Darling is not the sort of film I would typically think to watch. It’s a one-off film for me, I think. I wouldn’t call it dull, because it’s anything but. However, it has an atmosphere that is difficult to describe. In a sense, a great deal of the film feels muted in some way, and I think this is strictly by intent. Diana’s world of decadence, excess, and unwanted (but career-necessary) sex isn’t one that makes for a lot of fun on an evening.

Julie Christie is magnificent here. She does some of her best acting in moments where she isn’t talking, but expressing everything with her face and her actions. Eating alone in a massive dining room, being waited on by a series of attendants, she is bored and unhappy, and we know this thanks to a sigh and a rolling of her eyes. It’s as good a performance as I’ve seen in quite a while.

And yet, that’s a part of the reason that I’m not sure I’d want to watch it again, and why this film is so hard to recommend. I’m happy that I saw it, but I can see others finding it too long and too emotionally stifling. I can see others finding it little more than a cavalcade of depression and excess. I get that, but I also get why a lot of people consider it great.

Why to watch Darling: Fashionable amorality.
Why not to watch: It may well feel pointless.


  1. Anything-goes 1960s Britain! Alienation and anomie! All is vanity! How utterly, depressingly European.

    I do have to wonder how someone like Robert Altman would have handled this same material. Altman is a sly demythologizer, a subtle slaughterer of sociocultural sacred cows. This sort of story, the tackling and deflation of the 1960s London mystique, screams for his "meta"-style ministrations.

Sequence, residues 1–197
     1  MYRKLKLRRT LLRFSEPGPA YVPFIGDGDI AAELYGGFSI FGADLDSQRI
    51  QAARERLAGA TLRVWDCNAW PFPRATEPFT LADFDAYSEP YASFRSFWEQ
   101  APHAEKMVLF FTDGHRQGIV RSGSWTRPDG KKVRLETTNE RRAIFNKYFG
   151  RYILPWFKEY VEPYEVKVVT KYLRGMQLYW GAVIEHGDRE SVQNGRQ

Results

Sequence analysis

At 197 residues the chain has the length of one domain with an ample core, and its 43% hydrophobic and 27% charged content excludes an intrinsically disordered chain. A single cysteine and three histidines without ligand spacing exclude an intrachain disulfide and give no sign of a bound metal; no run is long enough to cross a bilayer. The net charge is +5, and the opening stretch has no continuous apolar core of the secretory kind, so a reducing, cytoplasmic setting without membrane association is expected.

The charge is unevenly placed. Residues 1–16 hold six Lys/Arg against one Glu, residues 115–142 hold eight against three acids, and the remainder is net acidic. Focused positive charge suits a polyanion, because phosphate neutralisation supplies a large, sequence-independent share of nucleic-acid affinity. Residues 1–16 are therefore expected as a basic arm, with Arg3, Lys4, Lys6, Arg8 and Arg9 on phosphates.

I bet, though, that Altman's approach wouldn't have been too far different from Schlesinger's, possibly right down to the decision to film in black and white. Where Altman would differ would be in (1) the addition of more humor and bitter irony to the proceedings, and (2) the addition of a slew of big-name star cameos as a visual form of name-dropping.

    Anyway, this sounds like an interesting movie, and Julie Christie sure was gorgeous.

    1. I think you've got Altman's take on this down--it would look like a famous people version of Short Cuts, more than likely, since these two films cover some similar territory.

      You might give this one a try--I think it might work for your sensibilities.

  2. I agree with your general description of the film, but I had a much different reaction to it. I both disliked Christie's character and I was bored by her half the time. The half that I wasn't was when I was disliking her for finding something new to not like about her situation, whether it was being married to handsome men or having the riches of 10 lifetimes.

    1. Yeah, she's a difficult character to like. I don't like her much as a character, either, but I do genuinely like the performance.